If you’re familiar with charters, skip this little bit. Someone asked about them, so here goes!
– – A charter is usually a gift of land (but could include other stuff) to another party.
– – It starts with the greetings clause, usually, like the one above, “Know all you present and future people that I, [name] …” then gets to the meaty bit (what is being given, the terms of the gift and so on) and then has a date clause (not always!) and a witness list at the end.
This Bad Boy ^^
This one doesn’t have a dating clause, but it’s been dated using internal evidence. Walter died around 1200 so it can’t be later than that. William de Roumare, to whom it’s addressed, is probably William III de Roumare, the son of the first Earl of Lincoln. He never held the earldom but is often styled ‘earl’ [comes]. There’s no comes here, he’s just called ‘my lord’ [domino meo – the domino is contracted to dono]. He was a major landowner even though he wasn’t technically an earl, and Walter de Cantilupe evidently owed him service. This William de Roumare died before 1198 according to his father’s Oxford Dictionary of National Biography entry. If you’re not a subscriber, here’s the wikisource link: http://en.wikisource.org/wiki/Roumare,_William_de_%28DNB00%29.
There’s another charter addressed to William de Roumare and dated internally to 1198. So. Make of that what you will.
What’s interesting about this is that (a) Walter is talking about damage to lands/property which occurred “during the war”, and (b) the seal at the bottom.
There are several ‘wars’ that might fit… Many thanks to Gideon Brough and his prompt facebook response! He let me know that:
Henry II fighting the Welsh from c. 1157 onwards: took a proper Welsh-style thrashing from Owain Gwynedd in 1157 and 1165, Deheubarth revolted in 1163. Doubtless recruited from among his nobles all over England for those. Likewise brief border scuffles in Normandy with Louis VII early 1160s (obviously involved Normans), and in 1166 he sloped off to depose Conan IV in Bretagne and there was fighting 1166-8, This DEFINITELY involved Norman subjects and landholders. This conflict was brought to treaty in Jan 1169. No war anywhere until 1173, when the young Henry chances his arm., So, 3 possible candidates within Henry II’s reign. Richard I’s wars in France and Crusade thereafter. Hope that helps?
My money’s on either the Young King’s rebellion in the 1170s or Dickie. Not the Crusade… the French wars.
I’m wondering what Walter did over in France. His son William was one of Prince John’s household knights when John was Count of Mortain, and so was Walter’s brother Fulk. Now I just need to work out which lands are named and where they are!….I’ll get to that a bit later.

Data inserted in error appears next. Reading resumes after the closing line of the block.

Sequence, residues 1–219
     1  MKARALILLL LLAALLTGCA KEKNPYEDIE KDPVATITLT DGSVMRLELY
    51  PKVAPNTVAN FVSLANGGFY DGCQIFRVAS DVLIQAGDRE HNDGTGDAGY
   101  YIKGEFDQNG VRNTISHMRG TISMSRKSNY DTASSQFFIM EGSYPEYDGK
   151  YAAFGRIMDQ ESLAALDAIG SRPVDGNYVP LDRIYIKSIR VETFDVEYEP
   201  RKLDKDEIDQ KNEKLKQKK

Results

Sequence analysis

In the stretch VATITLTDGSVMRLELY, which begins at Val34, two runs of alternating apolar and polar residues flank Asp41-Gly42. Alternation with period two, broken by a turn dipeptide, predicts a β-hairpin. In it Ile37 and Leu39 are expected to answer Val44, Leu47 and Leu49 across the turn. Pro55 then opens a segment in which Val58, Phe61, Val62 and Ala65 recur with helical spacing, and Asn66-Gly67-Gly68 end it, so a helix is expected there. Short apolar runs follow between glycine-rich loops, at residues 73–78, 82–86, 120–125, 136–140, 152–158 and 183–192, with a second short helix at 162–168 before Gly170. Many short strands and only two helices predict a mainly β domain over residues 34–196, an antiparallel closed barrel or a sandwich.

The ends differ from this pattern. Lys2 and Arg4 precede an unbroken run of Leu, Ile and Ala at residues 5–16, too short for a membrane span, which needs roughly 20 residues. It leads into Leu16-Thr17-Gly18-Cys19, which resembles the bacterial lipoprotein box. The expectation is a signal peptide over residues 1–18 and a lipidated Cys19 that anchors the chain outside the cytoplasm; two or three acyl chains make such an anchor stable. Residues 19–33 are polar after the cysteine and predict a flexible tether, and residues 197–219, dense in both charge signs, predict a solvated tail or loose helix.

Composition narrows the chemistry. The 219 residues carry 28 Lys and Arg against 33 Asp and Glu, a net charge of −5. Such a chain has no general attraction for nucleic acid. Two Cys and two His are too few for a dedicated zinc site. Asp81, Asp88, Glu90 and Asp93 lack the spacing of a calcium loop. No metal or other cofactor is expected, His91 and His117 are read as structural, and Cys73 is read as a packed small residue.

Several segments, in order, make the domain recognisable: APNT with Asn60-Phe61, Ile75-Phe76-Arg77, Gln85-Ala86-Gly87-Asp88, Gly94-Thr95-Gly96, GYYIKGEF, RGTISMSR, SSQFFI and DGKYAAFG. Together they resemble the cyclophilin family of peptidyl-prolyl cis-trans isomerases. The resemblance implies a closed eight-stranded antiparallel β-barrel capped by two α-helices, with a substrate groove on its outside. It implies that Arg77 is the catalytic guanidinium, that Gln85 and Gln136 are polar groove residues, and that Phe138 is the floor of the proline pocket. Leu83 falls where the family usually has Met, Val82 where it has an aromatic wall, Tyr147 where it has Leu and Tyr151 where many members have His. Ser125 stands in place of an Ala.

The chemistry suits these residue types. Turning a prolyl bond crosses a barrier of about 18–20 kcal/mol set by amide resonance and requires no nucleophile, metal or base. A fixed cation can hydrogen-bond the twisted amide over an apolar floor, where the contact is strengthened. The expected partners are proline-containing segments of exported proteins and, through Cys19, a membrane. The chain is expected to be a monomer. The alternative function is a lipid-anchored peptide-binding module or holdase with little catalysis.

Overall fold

What really intrigues me about this is Walter’s seal.
This is Walter de Cantilupe’s personal seal. It’s a wolf with a sheep in its mouth, the wolf being a play on his name ‘Cantilupe’ from chanti loup, the singing wolves, the name given to the place of the family’s origins. The legend around it is fragmented and worn, but it just says +SIGILLVMW[.]LTERIDECHANTELVPO. It’s made of wax, and has a diameter of 50mm.
Walter chose quite an aggressive but ultimately rustic symbol with which to represent himself. Why did he pick that? Why not just a wolf on its own? There’s a bit of symbolism going on here, I suspect. What’s interesting is that his son and grandson both became bishops, and both included the wolf symbol in their personal seals – subjugating the beast under their feet.
This seal [PRO: E 329-371] is Walter’s son’s personal seal. Imaginatively, he is also called Walter. Walter (II) de Cantilupe was the bishop of Worcester from 1236 to 1266. The seal shows him in his bishop’s mitre and robes, raising his hand in blessing. The strange looking thing under his feet is, I promise, a wolf. You’ll notice the fleur-de-lys either side of him too. This is an allusion to the Cantilupe arms, which were three fleur-de-lys and varied in style across the generations.
Walter (I)’s oldest son William, Bishop Walter’s big brother, changed his personal seal completely. Once John came to power, William was perfectly placed to score one of the top jobs. To reflect the fact that he was now in a more sophisticated circle, i.e. the royal court, his seal adopted the more elegant fleur-de-lys.
The above partial seal is in the National Library of Wales, part of the Penrice and Margam charter collection [NLW PM_2050]. You can see the difference between the father’s wolf seal and the son’s seeded flower of the lily.
My thesis partly explores this transition of projected identities, and I’ll be letting you know if I update my academia.edu profile with a paper on it. Otherwise, wait for the article/book!!
This is really just a bit of a ramble through one charter – my initial thoughts and comparisons. As I transcribe and translate, I’ll keep you posted!
Any ideas about medieval identities or questions? Comment!